University of North Carolina defeats challenge to race-based admissions policies
Oct 18 (Reuters) - A federal judge on Monday ruled the University of North Carolina at Chapel Hill did not discriminate against white and Asian American applicants in a closely watched case challenging the consideration of race in undergraduate student admissions.
The ruling by U.S. District Judge Loretta Biggs in Winston-Salem came in a lawsuit by Students for Fair Admissions, a group founded by conservative anti-affirmative action activist Edward Blum that is pursuing a similar case against Harvard University.
SFFA is appealing its loss in the Harvard case to the U.S. Supreme Court, potentially giving its conservative majority a chance to end affirmative action policies used to increase the number of Black and Hispanic students on American campuses. read more
In the UNC case, SFFA accused the school of violating the U.S. Constitution and the Civil Rights Act by making race the predominant factor in its admissions process to favor Black and Hispanic applicants to the detriment of white and Asian American candidates.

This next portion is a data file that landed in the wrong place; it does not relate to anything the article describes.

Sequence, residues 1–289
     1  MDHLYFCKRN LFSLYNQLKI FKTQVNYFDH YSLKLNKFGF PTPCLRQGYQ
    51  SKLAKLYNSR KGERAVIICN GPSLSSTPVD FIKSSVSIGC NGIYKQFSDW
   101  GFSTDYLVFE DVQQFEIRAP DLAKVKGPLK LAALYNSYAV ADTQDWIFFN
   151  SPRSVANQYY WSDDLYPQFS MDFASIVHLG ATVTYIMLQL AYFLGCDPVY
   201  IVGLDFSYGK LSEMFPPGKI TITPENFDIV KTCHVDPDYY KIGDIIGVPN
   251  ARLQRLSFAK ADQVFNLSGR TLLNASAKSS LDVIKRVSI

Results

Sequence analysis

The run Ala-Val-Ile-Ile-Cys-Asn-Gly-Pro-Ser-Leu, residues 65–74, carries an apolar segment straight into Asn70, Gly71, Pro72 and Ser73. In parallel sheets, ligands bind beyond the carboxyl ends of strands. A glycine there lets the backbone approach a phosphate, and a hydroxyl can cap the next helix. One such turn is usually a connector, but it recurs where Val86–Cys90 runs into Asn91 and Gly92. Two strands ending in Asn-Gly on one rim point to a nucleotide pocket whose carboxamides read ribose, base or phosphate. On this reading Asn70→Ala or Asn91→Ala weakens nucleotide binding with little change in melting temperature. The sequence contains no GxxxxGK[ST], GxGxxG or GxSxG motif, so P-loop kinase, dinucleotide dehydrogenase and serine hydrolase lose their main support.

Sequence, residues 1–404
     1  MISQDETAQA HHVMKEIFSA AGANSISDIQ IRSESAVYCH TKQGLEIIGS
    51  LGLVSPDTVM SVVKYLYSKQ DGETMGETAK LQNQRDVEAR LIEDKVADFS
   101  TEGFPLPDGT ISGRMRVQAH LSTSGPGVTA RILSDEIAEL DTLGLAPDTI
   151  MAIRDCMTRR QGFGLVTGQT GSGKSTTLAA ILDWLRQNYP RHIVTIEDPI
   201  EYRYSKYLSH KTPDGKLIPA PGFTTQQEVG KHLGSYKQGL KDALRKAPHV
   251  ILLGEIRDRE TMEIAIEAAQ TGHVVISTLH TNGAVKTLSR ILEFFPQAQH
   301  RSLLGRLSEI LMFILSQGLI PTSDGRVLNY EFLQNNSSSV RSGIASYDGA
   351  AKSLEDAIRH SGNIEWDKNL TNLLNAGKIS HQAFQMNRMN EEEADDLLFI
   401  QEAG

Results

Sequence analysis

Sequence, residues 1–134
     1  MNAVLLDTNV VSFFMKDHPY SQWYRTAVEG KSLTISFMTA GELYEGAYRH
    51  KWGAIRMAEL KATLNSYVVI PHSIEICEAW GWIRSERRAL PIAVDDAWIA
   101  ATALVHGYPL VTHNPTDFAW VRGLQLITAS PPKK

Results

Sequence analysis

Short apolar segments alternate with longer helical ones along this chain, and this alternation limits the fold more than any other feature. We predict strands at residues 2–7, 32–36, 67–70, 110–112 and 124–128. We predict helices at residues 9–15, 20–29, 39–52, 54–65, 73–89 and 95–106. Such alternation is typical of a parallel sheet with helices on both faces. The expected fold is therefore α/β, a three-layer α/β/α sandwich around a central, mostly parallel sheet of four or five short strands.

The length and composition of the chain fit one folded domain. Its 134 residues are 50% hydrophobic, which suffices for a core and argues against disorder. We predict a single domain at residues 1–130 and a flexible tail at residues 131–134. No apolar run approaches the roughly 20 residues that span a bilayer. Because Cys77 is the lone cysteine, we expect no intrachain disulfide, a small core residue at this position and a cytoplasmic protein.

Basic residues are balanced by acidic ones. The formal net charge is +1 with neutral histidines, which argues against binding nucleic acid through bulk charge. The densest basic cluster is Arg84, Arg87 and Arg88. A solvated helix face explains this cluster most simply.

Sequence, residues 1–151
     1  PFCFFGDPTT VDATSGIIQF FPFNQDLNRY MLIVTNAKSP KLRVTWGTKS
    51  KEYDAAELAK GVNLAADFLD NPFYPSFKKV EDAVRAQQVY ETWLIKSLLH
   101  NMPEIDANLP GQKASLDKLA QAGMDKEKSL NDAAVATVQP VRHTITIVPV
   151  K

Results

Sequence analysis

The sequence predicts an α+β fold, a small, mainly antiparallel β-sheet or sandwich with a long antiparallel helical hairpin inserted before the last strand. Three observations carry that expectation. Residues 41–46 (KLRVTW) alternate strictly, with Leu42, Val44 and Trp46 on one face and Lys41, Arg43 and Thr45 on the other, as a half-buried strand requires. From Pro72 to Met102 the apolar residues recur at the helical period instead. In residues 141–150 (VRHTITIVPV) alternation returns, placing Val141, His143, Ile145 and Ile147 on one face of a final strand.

But Biggs said UNC's consideration of race was narrowly tailored, constitutionally permissible and furthered a "compelling and substantial interest in pursuing and attaining the educational benefits of diversity."
In a 161-page ruling, she said that while no student should be admitted solely based on race, ignoring it "misses important context to include obscuring racial barriers and obstacles that have been faced, overcome and are yet to be overcome."
Beth Keith, a UNC spokesperson, said the ruling "makes clear the university's holistic admissions approach is lawful."
Blum in a statement vowed to appeal the ruling to a federal appeals court and potentially to the Supreme Court, saying documents and data presented at trial "revealed UNC's systematic discrimination against non-minority applicants."
His group similarly accused Harvard of discriminating against Asian Americans and engaging in impermissible "racial balancing." But a federal appeals court last year upheld the school's policies.
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